photographs by: Morgan Roach, Sweet Briar College, class of ’07
This summer, three other students from Hampden-Sydney and I participated in the Virginia Program at Oxford University in England. Stephen English, Peter Gilman, Jonathan Miyashiro, and I traveled to England in June for the six-week study abroad program. There, we were joined by students from five other Virginia colleges: Mary Baldwin, Roanoke, Sweet Briar, Virginia Military Institute, and Washington & Lee. The program is organized by a team of advisers (one from each of the participating colleges) and is one of the longest established American programs held at St. Anne’s College of Oxford University each year. It was a chance to get to know students from other Virginia colleges as well as a chance to become familiar with another way of learning.
The curriculum is made up of a class on 16th and 17th Century literature and a history class which covers the Tudor and Stuart periods in Britain, both taught by Oxford University professors or professors from other institutions within the United Kingdom. The classes are taught using the Oxford tutor system. Four days each week students were lectured by world-renowned scholars of British history and literature. Topics included Shakespeare, the Parliaments of the 16th and 17th Century, the Tudor and Stuart monarchs, and others. We focused on a different work of literature and a different moment in history each week, with the lectures revolving around that topic. At the end of each week, we wrote a short essay for our tutorial lessons. Though the lectures provided some basis for our essays, each week we were required to read a list of books and excerpts provided to us by our two tutors. Some weeks, the list would be as heavy as six books or more. Through our reading and the lectures, we were expected to prepare the essay and our arguments for the tutorial session. Each session was either two-to-one or three-to-one student to faculty ratio. The tutorials proved to be the most intense arenas for academic conversation of which I have been a part. All in all, the academic environment proved to be an experience to remember.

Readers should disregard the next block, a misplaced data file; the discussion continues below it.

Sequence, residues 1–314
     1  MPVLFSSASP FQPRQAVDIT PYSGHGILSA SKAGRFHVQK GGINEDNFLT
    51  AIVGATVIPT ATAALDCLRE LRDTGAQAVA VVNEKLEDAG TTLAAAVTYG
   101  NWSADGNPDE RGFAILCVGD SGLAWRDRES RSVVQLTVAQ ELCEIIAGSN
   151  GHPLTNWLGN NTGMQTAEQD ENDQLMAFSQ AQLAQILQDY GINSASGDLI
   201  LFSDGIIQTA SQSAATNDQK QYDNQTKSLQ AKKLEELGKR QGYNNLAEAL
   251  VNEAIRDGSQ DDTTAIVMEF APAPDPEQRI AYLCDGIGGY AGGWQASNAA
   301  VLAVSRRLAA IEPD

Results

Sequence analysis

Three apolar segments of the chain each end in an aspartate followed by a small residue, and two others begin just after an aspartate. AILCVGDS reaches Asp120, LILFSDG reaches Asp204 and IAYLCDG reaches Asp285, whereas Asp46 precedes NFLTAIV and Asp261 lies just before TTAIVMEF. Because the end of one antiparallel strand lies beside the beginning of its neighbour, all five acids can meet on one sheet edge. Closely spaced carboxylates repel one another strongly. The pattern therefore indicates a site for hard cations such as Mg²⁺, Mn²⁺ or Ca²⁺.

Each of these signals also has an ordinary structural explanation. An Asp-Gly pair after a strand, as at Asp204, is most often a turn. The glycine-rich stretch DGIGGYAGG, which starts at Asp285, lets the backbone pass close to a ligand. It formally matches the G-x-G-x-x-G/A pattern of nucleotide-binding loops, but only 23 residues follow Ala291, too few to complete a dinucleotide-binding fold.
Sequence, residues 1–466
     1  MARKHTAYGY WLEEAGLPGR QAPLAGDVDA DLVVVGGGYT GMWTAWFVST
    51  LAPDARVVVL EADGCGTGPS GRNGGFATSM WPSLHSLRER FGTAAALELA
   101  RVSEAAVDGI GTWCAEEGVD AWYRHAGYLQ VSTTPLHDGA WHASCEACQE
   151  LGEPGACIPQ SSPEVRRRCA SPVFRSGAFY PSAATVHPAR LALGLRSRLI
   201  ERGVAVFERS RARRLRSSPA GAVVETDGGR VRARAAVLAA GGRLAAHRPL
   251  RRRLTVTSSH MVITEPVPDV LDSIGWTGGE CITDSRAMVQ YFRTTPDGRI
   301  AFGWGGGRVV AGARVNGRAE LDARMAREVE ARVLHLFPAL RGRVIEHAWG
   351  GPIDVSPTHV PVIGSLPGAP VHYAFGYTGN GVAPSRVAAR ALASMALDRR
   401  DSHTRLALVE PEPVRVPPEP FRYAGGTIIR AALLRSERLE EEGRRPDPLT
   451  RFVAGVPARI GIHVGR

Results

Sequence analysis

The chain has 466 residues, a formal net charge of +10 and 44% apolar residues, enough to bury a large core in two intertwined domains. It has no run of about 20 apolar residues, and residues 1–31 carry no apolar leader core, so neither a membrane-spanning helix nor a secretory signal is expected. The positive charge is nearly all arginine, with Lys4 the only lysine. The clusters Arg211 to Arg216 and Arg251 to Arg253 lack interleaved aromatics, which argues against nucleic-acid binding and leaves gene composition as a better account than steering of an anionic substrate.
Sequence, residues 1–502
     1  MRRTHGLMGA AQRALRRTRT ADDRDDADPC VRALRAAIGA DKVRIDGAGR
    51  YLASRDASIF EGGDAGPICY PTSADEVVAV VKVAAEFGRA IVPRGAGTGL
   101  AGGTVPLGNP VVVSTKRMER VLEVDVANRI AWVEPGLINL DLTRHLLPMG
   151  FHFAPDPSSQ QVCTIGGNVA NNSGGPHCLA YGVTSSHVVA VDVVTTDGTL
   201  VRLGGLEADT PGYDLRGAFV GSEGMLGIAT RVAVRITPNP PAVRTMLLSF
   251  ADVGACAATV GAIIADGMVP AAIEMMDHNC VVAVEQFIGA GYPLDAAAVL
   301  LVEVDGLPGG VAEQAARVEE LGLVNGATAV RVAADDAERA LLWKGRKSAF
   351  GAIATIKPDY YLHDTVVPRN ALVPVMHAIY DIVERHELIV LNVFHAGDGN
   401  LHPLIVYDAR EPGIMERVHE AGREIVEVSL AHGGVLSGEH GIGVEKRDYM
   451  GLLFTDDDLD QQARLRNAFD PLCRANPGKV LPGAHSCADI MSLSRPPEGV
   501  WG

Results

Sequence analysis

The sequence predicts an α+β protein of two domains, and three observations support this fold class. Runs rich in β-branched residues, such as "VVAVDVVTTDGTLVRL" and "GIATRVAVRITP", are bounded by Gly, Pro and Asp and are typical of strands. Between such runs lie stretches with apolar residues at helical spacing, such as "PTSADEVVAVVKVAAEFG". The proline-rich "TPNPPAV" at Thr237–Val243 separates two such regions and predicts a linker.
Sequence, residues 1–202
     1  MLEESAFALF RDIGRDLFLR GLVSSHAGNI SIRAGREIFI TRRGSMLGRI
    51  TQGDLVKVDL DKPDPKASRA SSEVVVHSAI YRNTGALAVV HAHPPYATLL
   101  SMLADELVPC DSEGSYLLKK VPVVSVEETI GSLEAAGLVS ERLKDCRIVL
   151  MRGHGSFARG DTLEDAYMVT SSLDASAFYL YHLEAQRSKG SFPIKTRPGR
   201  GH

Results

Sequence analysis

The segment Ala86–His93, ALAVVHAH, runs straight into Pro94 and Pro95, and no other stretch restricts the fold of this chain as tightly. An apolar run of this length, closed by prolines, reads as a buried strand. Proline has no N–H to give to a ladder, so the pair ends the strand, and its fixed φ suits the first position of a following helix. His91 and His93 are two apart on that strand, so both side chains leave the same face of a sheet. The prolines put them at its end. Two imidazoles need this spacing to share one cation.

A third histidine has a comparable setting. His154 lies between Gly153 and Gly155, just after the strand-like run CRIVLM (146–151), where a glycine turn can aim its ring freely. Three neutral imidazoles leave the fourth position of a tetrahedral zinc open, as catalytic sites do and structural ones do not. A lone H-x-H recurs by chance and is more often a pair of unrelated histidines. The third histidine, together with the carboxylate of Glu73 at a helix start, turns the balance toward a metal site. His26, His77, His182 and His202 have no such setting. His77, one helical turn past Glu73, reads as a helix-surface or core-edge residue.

Academics aside, though, the recreational part of the trip was no bore either. The directors of the program had set up activities that would please even the hardest to please Anglophile. Kicking off the program in our first week was a party featuring Pimm?s, possibly the most famous Brit-beverage. Although Pimm?s quickly became several students? new best friend, I enjoyed the cricket and punting gatherings, myself. The illustrious Dr. Ken Fincham, our British director, set up croquet parties, cricket games, and punting outings as well as private tours of the colleges of Oxford.
In the middle of the six-week program, we were granted temporary asylum from the stress of class for four days. Most of us took the opportunity to gallivant across Europe to places like Amsterdam, Sweden, Italy, or Wales. Some of us, however, couldn’t resist the opportunity to stay behind in Oxford and to spend the weekend buried under a stack of books at the famous Bodleian Library on campus. At the end of the program, the directors closed the six weeks with a bang at the finest final party ever to grace the Virginia Program at Oxford. Complete with haggis, fine wines, and ascots, the party was the last goodbye, with most of us flying out the next morning.
I, however, was fortunate enough to have almost a whole week to stay in Oxford after the end of the program. During that week, I was introduced to the world of hostels, but that’s another story.